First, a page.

Uncovering the gods
Stabiae was a city on the Bay of Naples in the Roman province of Campania. After being destroyed in 89 B.C. during the Social War, it was rebuilt as the summer headquarters of the Roman senatorial and equestrian (business) classes. For a hundred years, it flourished as a center of business, politics, art, cuisine and luxury before being buried in 79 A.D. in the same volcanic explosion that suffocated Pompeii and Herculaneum.
The inhabitants perished, but volcanic ash and pumice preserved the city’s many works of art. Stabiae’s magnificent villas remained buried until 1749, when the city was first excavated and reburied. Excavations were resumed in 1950; efforts have continued and expanded under the auspices of the Restoring Ancient Stabiae Foundation.
The exhibit In Stabiano: Exploring the Ancient Seaside Villas of the Roman Elite at the Nevada Museum of Art brings 72 pieces of the finest art of the Roman Empire to Reno. The pieces date from the period 89 B.C. - 79 A.D and span four artistic periods.
Uncovered, along with the artwork, was the extravagant lifestyle of ancient Italy’s wealthy. Although prominent Romans and their families lived in the villas during the Senate’s summer holidays, the villas were not, first and foremost, private homes.
It is a testament to the importance of public life in Rome that the Villa San Marco, an estate of 11,000 square meters, has only a few, relatively small, private bedrooms. The rest of its space is given over to high-ceilinged rooms, heated baths and expansive gardens—once stocked with the most exotic plants from distant lands—for receiving guests and clients.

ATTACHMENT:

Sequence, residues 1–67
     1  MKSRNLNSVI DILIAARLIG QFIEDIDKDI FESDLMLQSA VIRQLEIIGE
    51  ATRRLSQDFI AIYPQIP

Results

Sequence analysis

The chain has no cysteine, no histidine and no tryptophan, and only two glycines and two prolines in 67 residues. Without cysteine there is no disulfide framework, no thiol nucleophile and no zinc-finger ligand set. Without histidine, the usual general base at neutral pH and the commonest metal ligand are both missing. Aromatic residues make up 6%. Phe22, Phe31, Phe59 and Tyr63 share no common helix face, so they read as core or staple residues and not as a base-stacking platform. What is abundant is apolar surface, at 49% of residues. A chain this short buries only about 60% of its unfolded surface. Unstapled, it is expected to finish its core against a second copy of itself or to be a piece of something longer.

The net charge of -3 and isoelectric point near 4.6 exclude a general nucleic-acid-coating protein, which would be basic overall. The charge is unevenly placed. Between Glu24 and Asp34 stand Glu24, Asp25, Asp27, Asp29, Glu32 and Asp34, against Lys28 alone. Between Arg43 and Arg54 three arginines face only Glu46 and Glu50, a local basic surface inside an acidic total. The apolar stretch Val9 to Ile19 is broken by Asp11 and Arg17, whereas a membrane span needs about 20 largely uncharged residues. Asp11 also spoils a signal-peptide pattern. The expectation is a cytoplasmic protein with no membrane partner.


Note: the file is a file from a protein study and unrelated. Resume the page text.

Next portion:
The villas of Stabiae were built to impress. One piece, a square foot of marble tile from the floor of the Villa San Marco, contains brilliant stones from North Africa, Egypt and Greece arranged in an intricate pattern. The villa’s planisphere, a ceiling fresco, combines gorgeously detailed paintings of the female divinities Spring and Fall, the goddess of wisdom and war, Minerva, and the god of commerce, Hermes.
Many of the exhibited frescoes portray various kinds of revelry but with nods to Roman austerity and mythical allusions. A first-century A.D. fresco of Silenus from the Villa Arianna shows the eldest satyr and teacher of Dionysus (a.k.a. Bacchus) reclining, plump, jovial and utterly besotted—but frowning nonetheless. It is a reminder of Silenus’ somber words to King Midas about human suffering: “What is best of all is utterly beyond your reach: not to be, to be nothing. But the second best for you is—to die soon.” The use of light and shade in this fresco creates a realistic yet rarefied effect. While the architecture of the villas is strong and imposing, the frescoes are quite detailed and delicate.
The most ostentatious room in a Roman villa was the triclinium, or three-couch dining room, where guests dined surrounded by lavish paintings. Three walls from the triclinium of the villa rustica of Carmiano create the most impressive display here. The walls are a still-brilliant carmine, the most expensive color of paint in Roman times, and they feature panels depicting scenes from mythology. The central panel shows a triumph of Dionysus, the god of wine and revelry. The most important guest would have dined, reclining, facing this middle panel.
The NMA’s exhibit may give lie to Silenus’ words; it seems Stabiae’s immortality was assured through its suffering under the volcano’s fury.